As soon as legislative action allows for it, Michigan court officials say they would like to move the state’s courts to an electronic filing system.
The state House returns from its summer break for one day this week. State lawmakers have a wide range of issues to address between now and the November election.
More than 200 members of the Saginaw Chippewa Indian Tribe of Mount Pleasant are expected to face the possibility of disenrollment from the tribe Thursday.
The issue was prompted by different interpretations of how enrollment is determined in the tribe’s constitution.
Paula Fisher is the attorney for the members facing disenrollment. She said originally their cases were dismissed with prejudice five years ago, but the tribe re-wrote the enrollment ordinance which changed the rules.
She said if the members are disenrolled it would impact them in a number of ways.
“It can mean their jobs if they were hired based on a preference for Natives. They can lose their positions,” Fisher said, “They can lose their homes if they live on trust land and built homes on trust land. They can be required to leave. But they certainly won’t have health care benefits. They won’t have access to the Michigan Indian Tuition Waiver. So if they’re in the middle of getting their college degree or in many cases advanced degrees the funding that they were counting on to better themselves will dry up and it will no longer be available.”
She said there are a number of issues behind the move to disenroll members. One of them is that the amount of money the tribe pays its members from casino profits is declining.
“There’s been a downturn in the gaming industry in Michigan for a couple of reasons,” Fisher says, “One is there’s a lot more casinos that there was 10 years ago. And another is so many people left the region. So the gaming dollars are fewer and there’s much more fierce competition for them so yes revenue is definitely down.”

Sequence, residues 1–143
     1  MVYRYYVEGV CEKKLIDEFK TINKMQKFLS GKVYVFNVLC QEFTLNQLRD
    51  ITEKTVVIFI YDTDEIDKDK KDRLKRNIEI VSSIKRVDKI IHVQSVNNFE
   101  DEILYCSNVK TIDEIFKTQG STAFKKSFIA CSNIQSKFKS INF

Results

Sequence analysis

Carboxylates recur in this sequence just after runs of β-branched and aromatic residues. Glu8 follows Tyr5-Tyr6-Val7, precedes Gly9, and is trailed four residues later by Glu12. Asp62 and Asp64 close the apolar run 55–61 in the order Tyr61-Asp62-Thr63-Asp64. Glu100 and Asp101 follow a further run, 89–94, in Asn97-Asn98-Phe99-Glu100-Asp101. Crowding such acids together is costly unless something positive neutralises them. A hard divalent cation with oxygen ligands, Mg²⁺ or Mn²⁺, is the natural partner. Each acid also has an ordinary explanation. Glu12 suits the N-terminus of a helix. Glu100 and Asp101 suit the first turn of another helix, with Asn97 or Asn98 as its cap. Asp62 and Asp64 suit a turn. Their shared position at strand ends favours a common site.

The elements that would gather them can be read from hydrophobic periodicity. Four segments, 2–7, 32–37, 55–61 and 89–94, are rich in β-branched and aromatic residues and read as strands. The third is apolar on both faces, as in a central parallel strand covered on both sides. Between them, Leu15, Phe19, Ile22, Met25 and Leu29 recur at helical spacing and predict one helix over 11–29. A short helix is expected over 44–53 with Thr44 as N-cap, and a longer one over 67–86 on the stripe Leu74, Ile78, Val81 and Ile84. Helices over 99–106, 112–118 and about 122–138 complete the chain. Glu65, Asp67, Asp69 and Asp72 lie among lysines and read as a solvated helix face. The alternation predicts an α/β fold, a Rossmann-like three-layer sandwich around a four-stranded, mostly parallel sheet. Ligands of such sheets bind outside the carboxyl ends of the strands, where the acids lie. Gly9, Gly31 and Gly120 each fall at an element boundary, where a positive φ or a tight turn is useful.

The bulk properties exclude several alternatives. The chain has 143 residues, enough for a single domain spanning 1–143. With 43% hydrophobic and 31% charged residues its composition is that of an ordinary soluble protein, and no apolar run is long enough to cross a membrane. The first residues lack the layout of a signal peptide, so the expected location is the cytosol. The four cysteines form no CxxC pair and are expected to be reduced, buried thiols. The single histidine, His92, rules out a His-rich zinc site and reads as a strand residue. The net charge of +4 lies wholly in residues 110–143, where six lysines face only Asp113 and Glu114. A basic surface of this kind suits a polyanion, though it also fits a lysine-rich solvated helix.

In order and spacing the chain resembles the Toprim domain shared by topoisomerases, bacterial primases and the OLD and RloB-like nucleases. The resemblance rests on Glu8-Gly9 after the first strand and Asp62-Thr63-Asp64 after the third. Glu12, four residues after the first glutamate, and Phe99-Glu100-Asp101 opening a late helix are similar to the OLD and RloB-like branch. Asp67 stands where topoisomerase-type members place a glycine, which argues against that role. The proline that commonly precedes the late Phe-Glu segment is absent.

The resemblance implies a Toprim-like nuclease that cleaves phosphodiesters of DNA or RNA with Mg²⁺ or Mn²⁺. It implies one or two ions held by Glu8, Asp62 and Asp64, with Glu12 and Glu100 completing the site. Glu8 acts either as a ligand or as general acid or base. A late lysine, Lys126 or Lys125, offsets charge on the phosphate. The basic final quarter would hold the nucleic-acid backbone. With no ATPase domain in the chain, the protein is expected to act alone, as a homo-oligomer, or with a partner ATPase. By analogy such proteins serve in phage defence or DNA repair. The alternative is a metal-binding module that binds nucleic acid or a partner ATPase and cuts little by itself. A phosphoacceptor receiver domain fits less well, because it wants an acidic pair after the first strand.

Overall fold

She said other contributing factors to disenrollment center on whether leader are in favor of certain ways of tracing membership and there are mixed feelings in the tribal community.
A spokesman for the Saginaw Chippewa Tribe declined to comment on the disenrollment issue.
Thursday’s hearing is expected to last several hours. Fisher says a decision on whether the tribe can move forward with attempts to disenroll members is expected as early as Friday. The hearing is not open to the public and only certain tribal members are allowed.
The Michigan Supreme Court says judges can’t order people convicted of a crime to pay the costs to the legal system — unless it’s been specifically allowed by the Legislature.
The state Supreme Court has agreed to hear two more medical marijuana cases. Two medical marijuana cardholders want the state’s highest court to rule that a voter-approved law shields them from criminal charges.
A Jackson County man will get a hearing on whether he gets to keep his kids after a ruling today (Tue.) by the Michigan Supreme Court.
The Michigan Supreme Court says a governor cannot reverse an official decision to commute a prison sentence. Tuesday’s ruling means a man sentenced to life in prison for his part in a murder now has a chance at freedom.
The U.S. Supreme Court today (Tuesday) ruled against the State of Michigan in its lawsuit against the Bay Mills Indian Community for operating a casino in the village of Vanderbilt in Otsego County.